Utility firms punish customers while holding country hostage

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Which entities have the power to decide the fate of millions Kenyans every single day?

If you guessed the presidency or the government, I would say, yes, but only in certain circumstances.

The two entities I am referring to are Kenya Power and the water companies.

If Kenya Power decides that the whole country will not have electricity for a whole week, it can actually make that decision without suffering any consequences or legal action.


If the various water companies around the country also decide not to supply a whole region, there is nothing that anyone can do about it.

In the past couple of months, Kenya Power has repeatedly disconnected electricity to Baricho Water Station, which serves Mombasa and Kilifi counties, due to non-payment of a Sh32 million electricity bill.

As a result, more than two million people in the two counties, including Malindi Sub-County, where I live, have been held hostage and have not received water in their taps for several days.

In other words, Kenya Power has decided to impose collective punishment on a whole region because one of its customers has defaulted on the payment of a bill.

Denying some two million people a basic commodity such as water, which most Kenyans pay dearly for, is not just a violation of their human rights, but it is also an act of extreme cruelty (Yet there have been no water riots at the coast because when Kenyans don’t get a basic service, they just learn to grin and bear it).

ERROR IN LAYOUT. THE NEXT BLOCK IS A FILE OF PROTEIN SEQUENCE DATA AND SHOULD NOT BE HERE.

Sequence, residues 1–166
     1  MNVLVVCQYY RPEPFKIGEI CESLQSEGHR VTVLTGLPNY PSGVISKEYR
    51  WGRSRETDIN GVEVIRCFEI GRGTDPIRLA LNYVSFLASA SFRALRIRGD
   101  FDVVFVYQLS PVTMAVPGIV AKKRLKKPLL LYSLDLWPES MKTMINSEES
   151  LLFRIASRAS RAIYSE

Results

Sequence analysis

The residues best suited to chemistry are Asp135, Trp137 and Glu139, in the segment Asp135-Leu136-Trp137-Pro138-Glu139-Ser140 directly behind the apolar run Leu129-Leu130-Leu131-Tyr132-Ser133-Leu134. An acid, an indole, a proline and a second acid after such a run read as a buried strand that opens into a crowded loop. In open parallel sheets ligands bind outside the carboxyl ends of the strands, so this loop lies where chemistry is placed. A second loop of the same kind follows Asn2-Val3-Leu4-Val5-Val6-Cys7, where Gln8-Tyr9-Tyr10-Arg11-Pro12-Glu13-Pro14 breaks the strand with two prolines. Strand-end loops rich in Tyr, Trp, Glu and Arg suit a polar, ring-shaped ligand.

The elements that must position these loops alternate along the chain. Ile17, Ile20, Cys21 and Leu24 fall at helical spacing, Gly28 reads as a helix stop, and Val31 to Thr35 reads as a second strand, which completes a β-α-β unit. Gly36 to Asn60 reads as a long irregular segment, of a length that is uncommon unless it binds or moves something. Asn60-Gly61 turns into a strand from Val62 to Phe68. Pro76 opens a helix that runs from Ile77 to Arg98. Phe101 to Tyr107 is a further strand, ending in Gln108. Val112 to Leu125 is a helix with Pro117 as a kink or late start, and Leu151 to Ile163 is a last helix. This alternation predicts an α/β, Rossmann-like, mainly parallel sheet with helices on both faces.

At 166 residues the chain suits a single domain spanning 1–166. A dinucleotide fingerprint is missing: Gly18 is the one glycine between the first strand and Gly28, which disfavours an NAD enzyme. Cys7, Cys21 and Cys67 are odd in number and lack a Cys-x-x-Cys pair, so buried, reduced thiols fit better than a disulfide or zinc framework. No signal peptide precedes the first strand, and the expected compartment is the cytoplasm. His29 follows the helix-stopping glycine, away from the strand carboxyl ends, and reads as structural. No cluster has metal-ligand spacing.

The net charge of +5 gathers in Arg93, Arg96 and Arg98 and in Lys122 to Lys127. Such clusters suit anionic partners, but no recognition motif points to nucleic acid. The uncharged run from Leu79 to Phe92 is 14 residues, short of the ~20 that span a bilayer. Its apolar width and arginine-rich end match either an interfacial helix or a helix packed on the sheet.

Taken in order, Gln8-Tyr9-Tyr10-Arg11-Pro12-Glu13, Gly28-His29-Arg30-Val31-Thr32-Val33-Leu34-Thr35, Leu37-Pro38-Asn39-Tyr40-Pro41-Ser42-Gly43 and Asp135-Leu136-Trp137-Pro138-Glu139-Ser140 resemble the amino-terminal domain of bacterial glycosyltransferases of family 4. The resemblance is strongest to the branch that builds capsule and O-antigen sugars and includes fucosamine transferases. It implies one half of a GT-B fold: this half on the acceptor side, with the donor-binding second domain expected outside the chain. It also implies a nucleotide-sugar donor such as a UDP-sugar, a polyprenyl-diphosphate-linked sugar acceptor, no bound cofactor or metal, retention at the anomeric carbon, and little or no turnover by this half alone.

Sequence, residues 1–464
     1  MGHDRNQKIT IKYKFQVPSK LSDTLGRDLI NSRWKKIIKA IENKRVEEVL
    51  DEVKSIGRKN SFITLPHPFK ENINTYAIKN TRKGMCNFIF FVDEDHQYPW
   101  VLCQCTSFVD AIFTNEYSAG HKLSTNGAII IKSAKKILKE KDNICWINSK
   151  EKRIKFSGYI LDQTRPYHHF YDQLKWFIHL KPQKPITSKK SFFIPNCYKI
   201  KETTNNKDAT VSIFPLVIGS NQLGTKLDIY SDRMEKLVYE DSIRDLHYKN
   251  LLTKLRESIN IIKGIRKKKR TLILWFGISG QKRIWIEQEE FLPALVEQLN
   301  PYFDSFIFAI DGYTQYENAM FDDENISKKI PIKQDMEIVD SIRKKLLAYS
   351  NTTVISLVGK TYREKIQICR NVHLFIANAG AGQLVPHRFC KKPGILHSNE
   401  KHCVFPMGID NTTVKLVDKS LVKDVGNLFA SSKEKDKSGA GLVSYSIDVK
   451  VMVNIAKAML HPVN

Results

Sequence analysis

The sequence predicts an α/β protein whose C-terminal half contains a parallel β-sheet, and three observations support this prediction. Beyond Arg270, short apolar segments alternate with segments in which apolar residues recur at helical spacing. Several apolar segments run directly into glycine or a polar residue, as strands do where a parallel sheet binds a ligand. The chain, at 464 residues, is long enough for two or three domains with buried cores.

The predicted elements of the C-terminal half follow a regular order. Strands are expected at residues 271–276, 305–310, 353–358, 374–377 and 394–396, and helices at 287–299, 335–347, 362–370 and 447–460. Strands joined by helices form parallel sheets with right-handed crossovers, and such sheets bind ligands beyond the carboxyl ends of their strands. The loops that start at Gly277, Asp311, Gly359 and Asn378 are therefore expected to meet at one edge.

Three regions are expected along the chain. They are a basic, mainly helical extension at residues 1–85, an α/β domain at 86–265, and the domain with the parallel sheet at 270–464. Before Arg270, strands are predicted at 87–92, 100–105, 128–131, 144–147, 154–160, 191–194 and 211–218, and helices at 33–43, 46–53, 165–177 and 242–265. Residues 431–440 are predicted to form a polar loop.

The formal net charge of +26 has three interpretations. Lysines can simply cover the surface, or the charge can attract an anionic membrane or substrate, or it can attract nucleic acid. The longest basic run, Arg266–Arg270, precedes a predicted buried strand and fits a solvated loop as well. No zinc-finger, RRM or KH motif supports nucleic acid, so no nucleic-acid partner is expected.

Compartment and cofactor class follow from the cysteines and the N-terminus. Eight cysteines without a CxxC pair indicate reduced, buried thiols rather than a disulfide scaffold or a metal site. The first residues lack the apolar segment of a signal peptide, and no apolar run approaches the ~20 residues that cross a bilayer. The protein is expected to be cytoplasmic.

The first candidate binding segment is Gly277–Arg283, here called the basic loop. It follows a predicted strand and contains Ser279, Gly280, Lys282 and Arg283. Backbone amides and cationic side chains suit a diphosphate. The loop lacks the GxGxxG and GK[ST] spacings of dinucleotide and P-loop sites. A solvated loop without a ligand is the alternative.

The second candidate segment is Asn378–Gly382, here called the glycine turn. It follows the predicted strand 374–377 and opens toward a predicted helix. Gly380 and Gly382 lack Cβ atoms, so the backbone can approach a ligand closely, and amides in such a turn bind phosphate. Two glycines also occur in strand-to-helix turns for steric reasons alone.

In other countries, utility companies cannot get away with denying a service to whole regions, and especially if that service is an essential one.

Imagine if the gas or electricity companies in Canada, for instance, decided not to supply energy to the whole country in the middle of winter.

Imagine if, as a result of this action, several people died or fell ill because there was no heating in their homes.

I am sure the companies would be sued for gross negligence.

Not in Kenya. Here, Kenya Power is seemingly above the law, above the government and above its own customers.

Kenya Power has so much power that when the whole country has no electricity due to a technical hitch (as has happened several times in the past year alone), no high-level emergency meeting is convened to discuss the reasons for such a blackout.

Not even the government appears worried about the national security implications of such nationwide power cuts (Yet there is an uproar when there is no mobile phone connectivity across the country for a few hours).

Both Kenya Power and the water companies should be made to realise that deliberately denying the people basic services because of an internal dispute (not a power or water shortage) is wrong and may even constitute a human rights violation that should be punishable by law.

Part of the problem is that Kenya Power has had a monopoly over electricity supply for decades, and no one has challenged this even though Kenyans pay among the highest electricity charges in the whole world.

If Kenya Power had some competition, I am sure the cost of electricity would drop and supply would be more reliable.

Kenya has in recent years opened other sectors such as telecommunications to competition.

What is stopping it from encouraging competition in the energy sector as well? What vested interests are preventing this?

Unreliable and expensive electricity supply has a knock-on effect on various sectors, including manufacturing, tourism and agriculture.


In this day and age of alternative cleaner sources of energy, such as wind and solar energy, why are these energy sources not being actively promoted?

With sunlight nearly 365 days a year, Kenya should by now have gone fully solar.

Indeed, street lights and other public amenities should be powered by the sun.

But the country seems to be going in the opposite direction — a controversial new power plant in Lamu will be powered by coal (one of the dirtiest sources of energy) to be imported from South Africa!

As for the water companies, after devolution, their role has become ambiguous, so it is difficult to pinpoint who to blame — the companies or the defunct boards that still manage them.